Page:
Solid Solutions to Serious Tax Problems Income Tax Workouts • Responding to Notices
Business and Self-Employment Tax Problems
Free Initial 30 Minute Consultation 952-232-0371 | 877-221-1651
Hurry! Hurry! Hurry! Do Not Delay Responding to a Tax Notice
Learn How we can help

Contact Me

Bold labels are required.

Contact Information

The use of the Internet or this form for communication with the firm or any individual member of the firm does not establish an attorney-client relationship. Confidential or time-sensitive information should not be sent through this form.


Privacy Policy

Three tips for businesses as they prepare to file 2018 taxes

As 2018 comes to a close, business owners are likely gathering paperwork and reviewing documents in preparation to navigate the first set of tax filings under the new laws passed with the Tax Cuts and Jobs Act (TCJA). Although changes are complex, three specific things to keep in mind that impact a large number of businesses include:


  • Pass-through entities. The TCJA created the ability for pass-through entities to deduct 20 percent of qualified business income. There are exceptions—most notably those who operate in the medical and financial industries are unlikely to qualify for the deduction unless their taxable income is below $315,000 for those who file joint tax returns or $157,500 for single.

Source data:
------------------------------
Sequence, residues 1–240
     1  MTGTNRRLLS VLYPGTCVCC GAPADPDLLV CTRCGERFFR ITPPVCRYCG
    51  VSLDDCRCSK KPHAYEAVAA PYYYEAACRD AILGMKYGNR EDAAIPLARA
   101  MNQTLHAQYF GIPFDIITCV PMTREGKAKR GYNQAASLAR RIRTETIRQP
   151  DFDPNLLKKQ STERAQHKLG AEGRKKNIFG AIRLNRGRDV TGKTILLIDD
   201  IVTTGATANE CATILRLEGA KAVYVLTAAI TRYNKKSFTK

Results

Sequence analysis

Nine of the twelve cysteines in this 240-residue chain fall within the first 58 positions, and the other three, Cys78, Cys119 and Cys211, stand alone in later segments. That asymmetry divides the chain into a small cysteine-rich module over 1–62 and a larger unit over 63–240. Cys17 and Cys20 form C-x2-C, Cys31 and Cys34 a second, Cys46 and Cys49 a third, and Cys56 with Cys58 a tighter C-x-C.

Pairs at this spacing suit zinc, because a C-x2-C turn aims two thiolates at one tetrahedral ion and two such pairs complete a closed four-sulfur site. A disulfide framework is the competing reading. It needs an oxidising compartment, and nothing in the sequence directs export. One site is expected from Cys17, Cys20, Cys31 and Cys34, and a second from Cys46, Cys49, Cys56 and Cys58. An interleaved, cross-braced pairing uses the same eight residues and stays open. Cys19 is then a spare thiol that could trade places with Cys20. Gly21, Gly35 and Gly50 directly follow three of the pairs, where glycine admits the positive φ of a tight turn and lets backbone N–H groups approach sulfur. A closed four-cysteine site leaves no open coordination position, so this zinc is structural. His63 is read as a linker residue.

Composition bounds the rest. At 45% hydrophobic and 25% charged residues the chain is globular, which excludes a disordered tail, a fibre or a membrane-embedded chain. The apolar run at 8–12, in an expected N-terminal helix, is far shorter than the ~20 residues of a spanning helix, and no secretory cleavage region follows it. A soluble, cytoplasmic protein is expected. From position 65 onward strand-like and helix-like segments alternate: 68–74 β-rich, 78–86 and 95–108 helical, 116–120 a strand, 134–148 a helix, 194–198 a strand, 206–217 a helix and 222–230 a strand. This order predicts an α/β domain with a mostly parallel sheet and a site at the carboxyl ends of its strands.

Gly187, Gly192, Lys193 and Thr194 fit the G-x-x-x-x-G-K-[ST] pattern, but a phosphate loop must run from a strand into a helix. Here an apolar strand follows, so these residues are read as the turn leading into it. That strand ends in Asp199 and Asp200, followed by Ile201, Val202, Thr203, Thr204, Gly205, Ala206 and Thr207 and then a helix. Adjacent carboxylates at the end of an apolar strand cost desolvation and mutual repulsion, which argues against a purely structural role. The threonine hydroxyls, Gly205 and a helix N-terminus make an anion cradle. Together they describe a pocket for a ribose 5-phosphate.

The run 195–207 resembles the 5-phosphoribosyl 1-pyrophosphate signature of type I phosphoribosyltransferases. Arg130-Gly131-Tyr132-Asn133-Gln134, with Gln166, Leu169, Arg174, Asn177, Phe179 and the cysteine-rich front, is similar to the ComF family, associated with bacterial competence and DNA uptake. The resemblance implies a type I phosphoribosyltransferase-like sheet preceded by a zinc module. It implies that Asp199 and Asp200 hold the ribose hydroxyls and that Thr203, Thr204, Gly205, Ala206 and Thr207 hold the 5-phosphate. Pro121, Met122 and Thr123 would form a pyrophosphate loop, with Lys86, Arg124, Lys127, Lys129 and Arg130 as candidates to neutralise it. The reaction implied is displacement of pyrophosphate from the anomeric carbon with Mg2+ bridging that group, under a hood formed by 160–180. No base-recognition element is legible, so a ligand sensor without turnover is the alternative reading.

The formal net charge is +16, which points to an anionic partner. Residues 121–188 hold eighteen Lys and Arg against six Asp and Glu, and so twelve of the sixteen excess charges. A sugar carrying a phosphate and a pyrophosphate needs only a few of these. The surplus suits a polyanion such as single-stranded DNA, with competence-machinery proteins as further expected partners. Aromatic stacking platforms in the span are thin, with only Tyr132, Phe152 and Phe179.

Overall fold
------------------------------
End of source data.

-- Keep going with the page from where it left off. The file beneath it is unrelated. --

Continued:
• Business expenses. In the past, the ability to deduct entertainment expenses was often seen as a perk of doing business. This is no longer the case. The TCJA removed this deduction for 2018 tax returns.
  • Change to C Corp rates. Under previous law, business that were formed as a C corp paid a graduated corporate tax rate at 15 percent for taxable income under $50,000, 25 percent for $50,001 to $75,000, 34 percent $75,001 to $10 million or 35 percent on taxable income over $10 million. The TCJA established a flat 21 percent corporate rate for C corps and personal service corporations beginning in 2018. This will likely prove easier to navigate then the previous, graduated federal income rate.

Application of these new laws is not easy. As such, business owners are wise to act to reduce the risk of a business tax audit. An attorney experienced in these matters can help.

No Comments

Leave a comment
Comment Information

Privacy Policy | Business Development Solutions by FindLaw, part of Thomson Reuters.